Getting Involved

Would you like to help us make the Groovy programming language even better? There are many ways in which you can get involved, make a difference and help the Groovy development team to make Groovy even, well, groovier? We really appreciate and welcome contributions and you can help us by:

  • helping other users or discussing future language directions on the mailing-lists
  • contribute to discussions on Slack - this channel is not endorsed by the Apache Software Foundation, it's run by Groovy enthusiasts in the community for casual conversations and Q&A,
  • reporting or fixing issues you encounter in our bug tracker
  • documenting various aspects of the language or its APIs
  • writing a blog post about some Groovy feature or your Groovy usage
  • creating or commenting on the Groovy Enhancement Proposals which describe how we make significant changes to the language
  • improving this website
  • covering the code base with more tests to avoid future regressions,
  • and of course, by contributing bug fixes or new features

Discussing on the mailing-lists and forums

If you encounter a problem, want to discuss a new feature, share interesting findings, and more, then the mailing-lists are the place to go to start a conversation with the Groovy developers and other Groovy users. Discussions on the mailing list are archived. It's the place to go to for all formal discussions or if you want to search the archives.

Alternatively, for more casual conversations and Q&A, consider using the Slack channel. (This channel is not endorsed by the Apache Software Foundation; it's run by Groovy enthusiasts in the community.)

Reporting issues

If you are wanting to search existing issues, raise a new one or are keen to fix some existing issues, then you should become familiar with Groovy's Bug tracker.

Before submitting a new issue, we recommend you read our guide to reporting issues

Writing a blog post

Groovy has a lot of great features that some folks have never heard of. Why not write an interesting post about your favourite feature. You can use your own blogging platform or create a pull request for a new post in the blog part of our website which are published onto our own blogging site.

Improving the documentation

The documentation of the Groovy programming language comes in various forms:

To contribute to the Groovy reference documentation, this blog post gives all the details on how you can work on that documentation.

All the above is stored in our code repositories on Github, so having an account on Github would be ideal.

Contributing to this website is fairly easy, if you have a Github account already, as you can click on the Improve this doc buttons that you can see on all the pages of this website. So don't hesitate to help us improve it, fix typos, broken language, clarify complicated sections, add new material, etc.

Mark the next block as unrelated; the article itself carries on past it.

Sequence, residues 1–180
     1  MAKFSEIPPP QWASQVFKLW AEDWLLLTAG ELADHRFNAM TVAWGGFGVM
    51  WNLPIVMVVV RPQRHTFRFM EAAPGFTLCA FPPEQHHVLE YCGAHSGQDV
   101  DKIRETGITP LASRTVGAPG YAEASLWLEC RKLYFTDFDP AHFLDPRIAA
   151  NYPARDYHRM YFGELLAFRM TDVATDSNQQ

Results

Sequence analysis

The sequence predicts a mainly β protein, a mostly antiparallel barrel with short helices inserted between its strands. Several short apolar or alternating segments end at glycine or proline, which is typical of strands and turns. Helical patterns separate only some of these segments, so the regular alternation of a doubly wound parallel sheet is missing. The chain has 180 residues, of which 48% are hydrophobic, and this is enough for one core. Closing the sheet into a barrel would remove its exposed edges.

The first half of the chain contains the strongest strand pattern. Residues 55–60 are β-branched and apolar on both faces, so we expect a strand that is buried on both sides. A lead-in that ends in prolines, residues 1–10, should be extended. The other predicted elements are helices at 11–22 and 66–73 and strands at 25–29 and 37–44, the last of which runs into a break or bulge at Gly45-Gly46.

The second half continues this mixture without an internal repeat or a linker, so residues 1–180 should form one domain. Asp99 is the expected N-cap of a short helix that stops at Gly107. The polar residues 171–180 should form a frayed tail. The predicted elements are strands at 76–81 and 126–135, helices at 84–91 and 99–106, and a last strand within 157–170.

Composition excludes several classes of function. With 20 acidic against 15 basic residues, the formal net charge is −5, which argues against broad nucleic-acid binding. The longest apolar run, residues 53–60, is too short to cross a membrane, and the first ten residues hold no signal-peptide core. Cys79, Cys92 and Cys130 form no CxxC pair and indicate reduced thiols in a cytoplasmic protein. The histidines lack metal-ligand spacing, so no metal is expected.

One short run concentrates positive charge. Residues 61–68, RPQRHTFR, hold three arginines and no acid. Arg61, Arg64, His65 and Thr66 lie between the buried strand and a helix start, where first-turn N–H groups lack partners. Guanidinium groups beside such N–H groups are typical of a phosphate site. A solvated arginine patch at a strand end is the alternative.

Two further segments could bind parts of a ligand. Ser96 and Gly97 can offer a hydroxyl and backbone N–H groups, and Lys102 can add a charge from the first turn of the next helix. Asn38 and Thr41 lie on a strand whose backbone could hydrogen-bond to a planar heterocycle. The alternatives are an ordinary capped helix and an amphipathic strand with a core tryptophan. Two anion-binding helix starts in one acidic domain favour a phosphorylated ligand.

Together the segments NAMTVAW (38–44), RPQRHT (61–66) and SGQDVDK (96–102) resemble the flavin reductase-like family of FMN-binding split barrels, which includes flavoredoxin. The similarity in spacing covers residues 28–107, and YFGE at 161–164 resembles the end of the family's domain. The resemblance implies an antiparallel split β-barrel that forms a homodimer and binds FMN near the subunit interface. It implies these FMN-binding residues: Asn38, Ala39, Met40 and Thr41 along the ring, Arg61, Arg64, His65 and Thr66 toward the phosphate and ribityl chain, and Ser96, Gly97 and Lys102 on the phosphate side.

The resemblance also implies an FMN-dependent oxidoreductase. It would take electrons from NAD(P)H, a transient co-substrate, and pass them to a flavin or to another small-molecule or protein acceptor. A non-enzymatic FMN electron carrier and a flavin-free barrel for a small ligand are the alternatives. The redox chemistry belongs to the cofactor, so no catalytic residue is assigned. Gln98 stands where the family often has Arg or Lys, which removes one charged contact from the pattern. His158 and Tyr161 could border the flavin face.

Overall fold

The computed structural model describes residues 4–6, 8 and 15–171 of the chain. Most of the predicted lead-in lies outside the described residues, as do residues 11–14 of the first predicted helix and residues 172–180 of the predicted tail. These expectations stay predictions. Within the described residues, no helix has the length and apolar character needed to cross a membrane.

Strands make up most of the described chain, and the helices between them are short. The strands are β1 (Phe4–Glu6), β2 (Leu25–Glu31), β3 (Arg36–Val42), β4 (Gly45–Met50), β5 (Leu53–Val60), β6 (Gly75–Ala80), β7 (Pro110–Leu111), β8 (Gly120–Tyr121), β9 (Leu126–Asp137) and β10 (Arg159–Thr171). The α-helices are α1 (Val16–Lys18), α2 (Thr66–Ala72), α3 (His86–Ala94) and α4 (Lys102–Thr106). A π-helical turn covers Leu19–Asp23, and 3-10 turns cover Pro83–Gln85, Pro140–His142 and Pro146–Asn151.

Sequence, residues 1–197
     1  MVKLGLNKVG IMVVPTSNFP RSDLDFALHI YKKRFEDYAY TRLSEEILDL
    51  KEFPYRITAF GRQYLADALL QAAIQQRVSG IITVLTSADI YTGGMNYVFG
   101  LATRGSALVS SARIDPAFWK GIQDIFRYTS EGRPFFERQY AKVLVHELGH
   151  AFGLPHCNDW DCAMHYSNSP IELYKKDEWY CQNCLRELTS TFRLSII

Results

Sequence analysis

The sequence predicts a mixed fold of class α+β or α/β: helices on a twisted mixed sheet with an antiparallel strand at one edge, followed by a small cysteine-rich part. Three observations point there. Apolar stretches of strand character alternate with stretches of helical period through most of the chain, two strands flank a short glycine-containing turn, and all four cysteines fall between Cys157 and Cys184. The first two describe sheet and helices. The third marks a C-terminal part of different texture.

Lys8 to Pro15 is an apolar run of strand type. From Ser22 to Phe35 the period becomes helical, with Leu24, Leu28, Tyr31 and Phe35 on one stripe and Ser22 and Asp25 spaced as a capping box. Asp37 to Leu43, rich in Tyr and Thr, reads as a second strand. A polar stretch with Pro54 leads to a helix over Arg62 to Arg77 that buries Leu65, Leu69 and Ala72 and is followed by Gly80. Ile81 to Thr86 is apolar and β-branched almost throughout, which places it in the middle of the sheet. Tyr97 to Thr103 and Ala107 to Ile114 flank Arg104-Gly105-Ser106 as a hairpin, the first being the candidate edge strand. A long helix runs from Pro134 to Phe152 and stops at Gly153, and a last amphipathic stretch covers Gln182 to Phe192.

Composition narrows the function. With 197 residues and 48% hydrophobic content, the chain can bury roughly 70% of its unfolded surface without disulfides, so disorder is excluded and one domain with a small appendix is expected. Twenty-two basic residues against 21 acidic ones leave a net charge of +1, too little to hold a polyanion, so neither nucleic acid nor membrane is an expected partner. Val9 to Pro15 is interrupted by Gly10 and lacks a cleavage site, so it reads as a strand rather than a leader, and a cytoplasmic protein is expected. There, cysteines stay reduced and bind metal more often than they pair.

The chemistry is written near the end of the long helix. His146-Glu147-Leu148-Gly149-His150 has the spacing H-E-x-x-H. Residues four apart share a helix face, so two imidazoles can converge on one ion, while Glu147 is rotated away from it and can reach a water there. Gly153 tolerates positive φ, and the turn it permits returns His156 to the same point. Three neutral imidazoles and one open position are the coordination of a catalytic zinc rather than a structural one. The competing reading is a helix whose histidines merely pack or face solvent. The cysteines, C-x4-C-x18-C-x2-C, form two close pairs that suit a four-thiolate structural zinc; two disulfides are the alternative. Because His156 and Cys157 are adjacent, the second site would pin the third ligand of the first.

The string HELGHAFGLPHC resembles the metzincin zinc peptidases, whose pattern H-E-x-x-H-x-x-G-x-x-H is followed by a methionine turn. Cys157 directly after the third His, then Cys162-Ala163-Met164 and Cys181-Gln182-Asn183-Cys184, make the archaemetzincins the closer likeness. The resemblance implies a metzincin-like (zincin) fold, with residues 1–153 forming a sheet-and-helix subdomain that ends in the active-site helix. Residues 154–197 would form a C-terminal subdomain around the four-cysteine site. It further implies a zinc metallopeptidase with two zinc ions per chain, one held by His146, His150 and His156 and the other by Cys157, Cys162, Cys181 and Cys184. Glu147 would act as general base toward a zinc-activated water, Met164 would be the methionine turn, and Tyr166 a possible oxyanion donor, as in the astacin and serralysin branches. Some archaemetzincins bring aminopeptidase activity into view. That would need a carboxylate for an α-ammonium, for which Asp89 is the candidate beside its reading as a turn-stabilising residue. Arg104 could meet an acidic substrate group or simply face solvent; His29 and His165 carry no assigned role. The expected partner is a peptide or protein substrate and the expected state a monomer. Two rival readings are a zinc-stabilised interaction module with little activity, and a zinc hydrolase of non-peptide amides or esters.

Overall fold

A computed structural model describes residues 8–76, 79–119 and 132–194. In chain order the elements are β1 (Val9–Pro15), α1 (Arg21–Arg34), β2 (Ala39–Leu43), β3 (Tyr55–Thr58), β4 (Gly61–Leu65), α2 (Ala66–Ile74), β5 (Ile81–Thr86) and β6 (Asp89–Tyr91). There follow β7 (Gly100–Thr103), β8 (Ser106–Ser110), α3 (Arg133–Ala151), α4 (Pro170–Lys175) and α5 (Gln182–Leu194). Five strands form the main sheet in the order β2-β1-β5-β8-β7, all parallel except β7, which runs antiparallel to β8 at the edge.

Please check the following section for more information on how to contribute to our codebase.

Contributing code

If you know the area you want to contribute to, this is great, but if you are looking for some first contributions, the Groovy development team tries to maintain a list of tickets of possible easy contributions that could get you started on your journey to become a Groovy committer. Just raise your hand on the Groovy developer mailing-list to tell us about your desire to work on that ticket.

For more complicated tasks, the best approach is also to bring that to the attention of the Groovy developers, so they can give you some guidance on how best to tackle a particular problem, discuss implementation ideas and the semantics or scope of the proposed change.

Cloning the code base

To work on the Groovy code base, you should be proficient enough in git and you should have an account on Github to be able to create pull requests with your changes.

Please fork and create a local clone of your fork as explained in fork a repo.

Make sure you configure Git appropriately with the same email that you registered with on Github:

git config --global "YOUR NAME"
git config --global "YOUR EMAIL"

You can verify these are configured appropriately by running:

git config --list

Working on the code base

If you are working with the IntelliJ IDEA development environment, this screencast gives lots of details on how to setup your IDE.

Then, to work on the Groovy code base, to build and test Groovy, you can follow the instructions from the readme file in the Groovy repository.

The most important command you will have to run before sending your changes is the test command:

./gradlew test

For a successful contribution, all tests should be green!

Creating a pull request

Once you are satisfied with your changes:

  • commit your changes in your local branch
  • push your changes to your remote branch on Github
  • send us a pull request

Donating to Friends of Groovy Open Collective

As an independent initiative, members of the broader Groovy community have set up an open collective for Groovy: Friends of Groovy Open Collective This initiative is designed to complement the Apache project and the many contributions we get from our great community and supporters.

Build status

The Groovy sources are tested thanks to our continuous integration server.